Vatican did not try to obstruct abuse inquiry
AS A well-written expression of the anger felt in contemporary Ireland about clerical sexual abuse, Enda Kenny’s speech is a masterpiece. Perhaps it took someone familiar with small-town and rural Ireland to capture the very particular torture of seeing a priest abuser continue to occupy a place of respect in a local community, writes BREDA O'BRIEN
Perhaps it took a practising Catholic to deliver sentences such as these: “Growing up, many of us in here learned we were part of a pilgrim church. Today, that church needs to be a penitent church. A church truly and deeply penitent for the horrors it perpetrated, hid and denied. In the name of God. But for the good of the institution.”
This, too, was powerful. “This report tells us a tale of a frankly brazen disregard for protecting children.”
Nor could it be said that he exonerated the State. He spoke of “children and young adults reduced to human wreckage. Raising questions and issues of serious import for State agencies.”
But why, oh why, did he choose to say things like this? “Because for the first time in Ireland, a report into child sexual abuse exposes an attempt by the Holy See to frustrate an inquiry in a sovereign, democratic republic . . . as little as three years ago, not three decades ago.”
No one could doubt Enda Kenny’s sincerity. However, had he read the Cloyne report in full, it is doubtful that he could have reached the conclusion that the Vatican was in the business of obstructing a sovereign state.
The Cloyne report did not say that the Vatican tried to frustrate an inquiry. It does say that a 1997 letter from the papal nuncio, referring to a directive from the congregation on the clergy, “gave comfort and support to those who, like Monsignor O’Callaghan, dissented from the stated official Irish Church policy”.
The Cloyne report then goes on, in chapter four, to outline in meticulous detail subsequent Vatican documents in 2001 and 2010, which make it clear that the church is to co-operate with civil authorities, including this quote from the Guide to Understanding Basic CDF [Congregation on the Doctrine of the Faith] Procedures concerning Sexual Abuse Allegations: “Civil law concerning reporting of crimes to the appropriate authorities should always be followed.”
The Murphy report on the Dublin archdiocese did criticise the Vatican for not responding to a request for information. In my opinion, the Vatican was churlish and graceless by citing diplomatic protocol. But that does not constitute an attempt to frustrate.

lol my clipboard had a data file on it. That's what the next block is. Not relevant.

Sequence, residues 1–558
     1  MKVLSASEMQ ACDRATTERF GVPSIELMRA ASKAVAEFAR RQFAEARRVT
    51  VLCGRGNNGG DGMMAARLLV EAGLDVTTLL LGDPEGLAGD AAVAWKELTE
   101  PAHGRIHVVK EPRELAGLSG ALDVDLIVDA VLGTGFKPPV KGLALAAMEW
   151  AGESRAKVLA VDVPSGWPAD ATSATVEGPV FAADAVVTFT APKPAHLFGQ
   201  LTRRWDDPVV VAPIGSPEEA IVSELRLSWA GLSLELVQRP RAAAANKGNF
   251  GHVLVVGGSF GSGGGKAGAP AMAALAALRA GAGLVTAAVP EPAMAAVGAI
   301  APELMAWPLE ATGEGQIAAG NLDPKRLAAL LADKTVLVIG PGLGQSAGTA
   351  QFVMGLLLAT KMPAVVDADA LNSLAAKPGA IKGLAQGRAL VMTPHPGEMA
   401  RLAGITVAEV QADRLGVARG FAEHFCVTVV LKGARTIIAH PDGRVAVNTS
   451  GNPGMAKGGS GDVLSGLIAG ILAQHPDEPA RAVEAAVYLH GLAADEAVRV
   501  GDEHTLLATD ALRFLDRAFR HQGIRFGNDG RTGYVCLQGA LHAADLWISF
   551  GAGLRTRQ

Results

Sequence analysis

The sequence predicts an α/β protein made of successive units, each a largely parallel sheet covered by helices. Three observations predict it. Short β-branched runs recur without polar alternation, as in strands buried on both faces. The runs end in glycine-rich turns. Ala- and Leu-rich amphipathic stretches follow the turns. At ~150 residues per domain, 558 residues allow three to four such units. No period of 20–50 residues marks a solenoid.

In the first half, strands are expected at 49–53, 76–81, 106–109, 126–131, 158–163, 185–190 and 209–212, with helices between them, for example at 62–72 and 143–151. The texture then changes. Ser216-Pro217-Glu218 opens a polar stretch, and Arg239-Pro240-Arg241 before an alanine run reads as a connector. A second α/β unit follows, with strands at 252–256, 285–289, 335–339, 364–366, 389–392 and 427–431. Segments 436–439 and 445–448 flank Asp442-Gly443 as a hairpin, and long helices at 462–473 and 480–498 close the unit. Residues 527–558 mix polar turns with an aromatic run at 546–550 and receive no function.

If we want to express anger at a church that has been disgracefully slow in responding to the crime of child abuse, let me be first in the queue. If we want to criticise a style of communication more appropriate to the 19th century than the 21st, and a chronic inability to understand that the world no longer thinks in centuries but in seconds, let’s go for it. But if we want to take a quote from a 1990 document, Instruction on the Ecclesial Vocation of the Theologian, and use it to imply that Pope Benedict thinks that the church should not co-operate with this State in the matter of reporting child abuse, leave me out.
An Taoiseach quoted Josef Ratzinger as saying: “Standards of conduct appropriate to civil society or the workings of a democracy cannot be purely and simply applied to the church.”
At that point, we have left the truth behind. That passage concerns “polling public opinion to determine the proper thing to think or do” when it comes to theology. It has nothing to do with child abuse.
It is completely unfair to the Pope. Accuracy matters. Truth matters. If the church had been accurate and truthful from the beginning, think of the damage to children that would have been averted. If the bishops, even now, were willing to publish the results of audits, think of the good that would do.
The Irish church needs to stop hiding and come out and tell the truth, including the truth of the massive changes most of them have implemented. Refusing to do so leaves Archbishop Martin looking as if he is the only one serious about reform.
To criticise the Vatican harshly in the staunchly Catholic 1950s and 1960s would have taken real courage. In contrast, Enda Kenny’s attack on the Vatican was like someone offering to step into the ring with a Muhammad Ali with Parkinson’s rather than with the boxer at the height of his powers.
It is convenient to blame the Vatican, and God knows, with people like Cardinal Castrillon Hoyos (author of the 1997 document) as friends, the Vatican need never have another enemy.
Cloyne felt free to ignore the Vatican when it suited, just as it ignored Irish church guidelines. John Magee is not a monster. Denis O’Callaghan is an intelligent man.
Presumably, too, the directors of the Irish language school in Gweedore who continued to use a child abuser, Michael Ferry, for odd jobs are not monsters. None of them, however, grasped the absolute necessity to protect children.
Church, State, and some citizens failed to protect children. That is the reality we need to acknowledge with meticulous truthfulness to ensure that to the best of our ability, it does not happen again.